He died at the age of 67, having written 47 books. In his day job,  he also changed the landscape of British streets by launching the first pillar-style post boxes.

Charles Dickens also wrote his later novels in a strict routine, working in his study from 9am-2pm with a break for lunch. He’d then finish writing for the day — often setting off on a 10-mile walk. Stephen King’s writing routine is fairly similar (although with the addition of loud rock music while writing).

A working day of 3–5 hours seems to be the ideal. But we also need to be consistent for this to be truly effective. We also need to build in deliberate rest periods, plus time for exercise and plenty of sleep.

2. Routine is crucial.

We live in a time of endless choice, with so many options open to us that it can become paralysing. Routine takes the choice out of creating. You get up, you do whatever you need to do to get your mind primed, and then you get to work.

Whether you want to be a great writer, an Olympic athlete, a brilliant musician, a rigid routine will support you — and, paradoxically, give you freedom. You train your brain, your body, to expect to do the work at certain times, without procrastinating or overthinking it.

Then, once your work is done, there’s time to rest, to play — to have a life. Which is the whole point of being alive, after all.

My favourite reading, resting and day-dreaming spot

3. If in doubt, walk it out.

Exercise is not just beneficial but essential to be at your best, whatever work you do. Walking seems to stimulate the unconscious brain to find solutions, and is a great tonic between bursts of concentrated work.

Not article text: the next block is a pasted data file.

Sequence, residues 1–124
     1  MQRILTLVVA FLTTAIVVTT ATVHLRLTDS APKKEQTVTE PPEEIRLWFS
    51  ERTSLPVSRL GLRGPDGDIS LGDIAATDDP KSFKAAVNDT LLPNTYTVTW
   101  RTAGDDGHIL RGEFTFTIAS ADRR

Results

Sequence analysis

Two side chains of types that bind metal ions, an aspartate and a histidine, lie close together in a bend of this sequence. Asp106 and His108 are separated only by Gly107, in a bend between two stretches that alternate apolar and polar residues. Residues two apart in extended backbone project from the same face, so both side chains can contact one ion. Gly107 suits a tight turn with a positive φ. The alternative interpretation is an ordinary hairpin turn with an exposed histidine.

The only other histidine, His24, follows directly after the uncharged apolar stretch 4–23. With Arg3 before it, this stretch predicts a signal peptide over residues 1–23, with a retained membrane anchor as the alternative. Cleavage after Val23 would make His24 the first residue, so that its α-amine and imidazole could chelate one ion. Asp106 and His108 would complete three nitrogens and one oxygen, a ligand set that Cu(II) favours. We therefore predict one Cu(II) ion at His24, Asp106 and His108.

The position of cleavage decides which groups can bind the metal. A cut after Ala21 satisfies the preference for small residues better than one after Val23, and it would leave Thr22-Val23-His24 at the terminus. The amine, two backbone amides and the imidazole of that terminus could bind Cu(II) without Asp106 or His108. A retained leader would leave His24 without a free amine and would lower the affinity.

Next time you’re stuck, and feel tempted to just push on through, try going for a walk instead. Outside is best, but a treadmill works too. And it may be that when you get back to work, the answer is there.

4. Naps are wonderful; but sleep is essential.

Winston Churchill took a daily nap, as did JFK and his successor to the US presidency, Lyndon Johnson. Writers from JR Tolkien and Ray Bradbury to Jonathan Franzen and William Gibson have all sung the praises of a brief lie-down after lunch. As have great architects such as Oscar Niemeyer or Frank Lloyd Wright.

The evidence is now compelling enough for some companies to have nap rooms, or pods where employees can snatch a quick snooze.

I’ve always struggled with getting to sleep, but napping is a skill that can be learned, apparently. Check out apps like Pzizz to help you relax into it, and wake up refreshed. I still don’t drift off, but 30 minutes lying down, listening to a guided meditation, can work wonders.

As for sleep, lack of it erodes reflexes, decision-making and your ability to learn. It makes you more likely to be overweight, and may make dementia more likely in old age. We heal when we sleep. Our brains consolidate memories. Physically and mentally, we cannot be at our best if we are constantly sleep-deprived.